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Environment ministers address chemicals management

At the 10th African Ministerial Conference on the Environment (AMCEN) session held in the Libyan Mediterranean city of Sirte, African environment ministers adopted several important decisions. One of these concerned the development of a Strategic Approach to International Chemicals Management (SAICM).

The ministers noted the link between poverty and vulnerability to toxic chemicals, as well as the impact of toxic chemicals on biodiversity. They endorsed and encouraged participation of all stakeholders in developing a SAICM, especially in sectors such as agriculture, environment, health and industry. The AMCEN decision on chemicals endorsed recommendations made at the African regional meeting on international chemicals management (Box 2).

Box 2: Chemicals management

At a regional meeting in Nigeria in May 2004, African governments adopted a position on the Strategic Approach to International Chemicals Management (SAICM) - a tool to advance the sound management of chemicals for sustainable development in the region.

The African position emphasized that SAICM should, among other activities:

  • Manage chemicals at all stages of their life cycle, using the principles of 'cradle-to-grave' life cycle analysis;
  • Target the most toxic and hazardous chemicals as a priority;
  • Ensure full integration of chemicals management and better coordination among stakeholders;
  • Increase chemical safety capacity at all levels;
  • Ensure that children and other vulnerable populations are protected from the risks of chemicals;
  • Promote corporate social responsibility and develop approaches that reduce human and environmental risks for all, rather than transferring the risks to those least able to cope with them;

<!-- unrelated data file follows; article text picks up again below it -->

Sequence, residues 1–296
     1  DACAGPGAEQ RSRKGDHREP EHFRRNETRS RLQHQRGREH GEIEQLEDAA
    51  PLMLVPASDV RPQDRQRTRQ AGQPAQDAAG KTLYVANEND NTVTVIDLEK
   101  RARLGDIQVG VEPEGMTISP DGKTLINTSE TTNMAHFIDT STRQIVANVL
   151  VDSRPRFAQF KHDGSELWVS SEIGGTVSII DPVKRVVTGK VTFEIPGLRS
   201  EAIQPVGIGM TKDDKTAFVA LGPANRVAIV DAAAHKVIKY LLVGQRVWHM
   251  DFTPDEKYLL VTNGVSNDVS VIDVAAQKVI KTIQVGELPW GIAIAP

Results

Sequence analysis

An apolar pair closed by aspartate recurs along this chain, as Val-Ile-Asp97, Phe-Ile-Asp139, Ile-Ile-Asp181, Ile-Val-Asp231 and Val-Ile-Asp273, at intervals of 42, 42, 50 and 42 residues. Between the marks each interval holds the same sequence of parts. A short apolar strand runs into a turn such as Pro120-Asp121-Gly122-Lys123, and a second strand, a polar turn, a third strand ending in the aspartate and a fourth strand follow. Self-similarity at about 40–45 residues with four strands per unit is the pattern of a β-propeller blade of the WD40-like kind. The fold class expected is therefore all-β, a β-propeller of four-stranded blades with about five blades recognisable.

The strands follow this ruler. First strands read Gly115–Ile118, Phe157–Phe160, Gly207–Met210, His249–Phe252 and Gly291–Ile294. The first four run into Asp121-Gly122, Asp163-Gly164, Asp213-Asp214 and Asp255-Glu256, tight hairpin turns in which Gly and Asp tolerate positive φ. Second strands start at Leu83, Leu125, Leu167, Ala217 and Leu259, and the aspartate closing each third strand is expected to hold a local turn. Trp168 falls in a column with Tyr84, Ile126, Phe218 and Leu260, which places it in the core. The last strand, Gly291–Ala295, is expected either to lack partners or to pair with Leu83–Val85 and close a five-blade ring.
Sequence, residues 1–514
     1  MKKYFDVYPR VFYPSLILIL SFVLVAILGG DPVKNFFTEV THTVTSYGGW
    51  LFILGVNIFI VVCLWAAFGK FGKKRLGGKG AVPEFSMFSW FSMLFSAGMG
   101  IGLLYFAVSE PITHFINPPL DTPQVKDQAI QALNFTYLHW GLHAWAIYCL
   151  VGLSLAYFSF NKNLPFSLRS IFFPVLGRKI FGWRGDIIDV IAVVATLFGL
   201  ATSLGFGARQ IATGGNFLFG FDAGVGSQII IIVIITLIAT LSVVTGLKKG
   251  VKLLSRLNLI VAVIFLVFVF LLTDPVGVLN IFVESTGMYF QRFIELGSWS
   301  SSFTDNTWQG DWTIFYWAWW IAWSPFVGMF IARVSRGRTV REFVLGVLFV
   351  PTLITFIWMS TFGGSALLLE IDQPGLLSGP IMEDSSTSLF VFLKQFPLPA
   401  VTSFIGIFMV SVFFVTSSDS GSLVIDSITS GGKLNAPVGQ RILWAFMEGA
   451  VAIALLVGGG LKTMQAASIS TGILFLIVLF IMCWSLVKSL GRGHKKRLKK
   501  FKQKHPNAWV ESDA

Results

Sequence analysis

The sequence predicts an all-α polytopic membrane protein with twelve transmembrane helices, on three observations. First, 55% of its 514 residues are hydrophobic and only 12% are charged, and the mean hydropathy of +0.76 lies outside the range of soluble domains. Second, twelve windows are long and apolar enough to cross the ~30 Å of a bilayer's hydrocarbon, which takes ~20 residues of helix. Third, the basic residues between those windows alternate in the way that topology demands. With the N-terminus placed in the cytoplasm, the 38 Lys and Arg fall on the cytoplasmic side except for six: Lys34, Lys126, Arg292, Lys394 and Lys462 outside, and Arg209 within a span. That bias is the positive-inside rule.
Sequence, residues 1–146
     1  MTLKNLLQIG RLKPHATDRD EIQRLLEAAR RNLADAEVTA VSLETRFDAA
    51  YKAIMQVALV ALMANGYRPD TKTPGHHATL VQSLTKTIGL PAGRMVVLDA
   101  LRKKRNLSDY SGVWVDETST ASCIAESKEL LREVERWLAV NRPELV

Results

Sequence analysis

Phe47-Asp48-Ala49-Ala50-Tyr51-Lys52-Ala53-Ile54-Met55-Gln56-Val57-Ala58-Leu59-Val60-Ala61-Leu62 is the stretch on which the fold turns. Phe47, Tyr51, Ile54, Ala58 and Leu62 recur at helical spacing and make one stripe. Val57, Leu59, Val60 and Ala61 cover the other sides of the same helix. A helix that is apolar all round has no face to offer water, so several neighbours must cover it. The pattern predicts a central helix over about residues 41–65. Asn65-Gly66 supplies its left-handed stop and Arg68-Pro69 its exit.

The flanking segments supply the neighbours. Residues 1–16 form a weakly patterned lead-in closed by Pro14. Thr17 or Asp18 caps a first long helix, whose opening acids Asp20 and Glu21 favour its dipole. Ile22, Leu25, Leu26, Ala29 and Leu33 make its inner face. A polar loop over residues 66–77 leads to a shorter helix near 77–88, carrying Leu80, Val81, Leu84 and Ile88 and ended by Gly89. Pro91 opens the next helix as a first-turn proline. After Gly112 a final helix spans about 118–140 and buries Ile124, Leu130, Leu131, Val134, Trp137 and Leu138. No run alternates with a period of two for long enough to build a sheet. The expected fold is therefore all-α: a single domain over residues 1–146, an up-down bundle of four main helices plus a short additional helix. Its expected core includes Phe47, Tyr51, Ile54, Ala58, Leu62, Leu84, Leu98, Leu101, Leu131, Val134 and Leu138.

• Incorporate the principles of substitution, prevention, polluter pays, right to know, and greening of the industry; and
  • Integrate the precautionary, life cycle, partnership, liability and accountability approaches.

The statement urges that SAICM should be established at national, regional and international levels as a coordinating structure for harmonizing legal instruments and organizations responsible for chemicals management.

Source: UNEP 2004

The year also saw significant policy successes at sub-regional and national levels, such as the establishment of the Zambezi Watercourse Commission, and South Africa 's National Environmental Management: Biodiversity Act 2004 (Box 3).

Box 3: New law tackles genetically modified organisms

South Africa 's National Environmental Management: Biodiversity Act 2004 kept the issue of genetically modified organisms (GMOs) high on the agenda. Most of the environmental concerns about GMOs are based on the possibility of gene transfer from one organism to another, possible undesirable effects of exotic genes or traits (for example, insect resistance or herbicide tolerance), and possible effects on non-target organisms.

The new law identifies the handling of GMOs, along with alien species, as a key management issue. It requires an environmental impact assessment to be approved before the government will permit any GMO to be released into the environment, either on a trial or a general basis.

Source: Government of South Africa 2004

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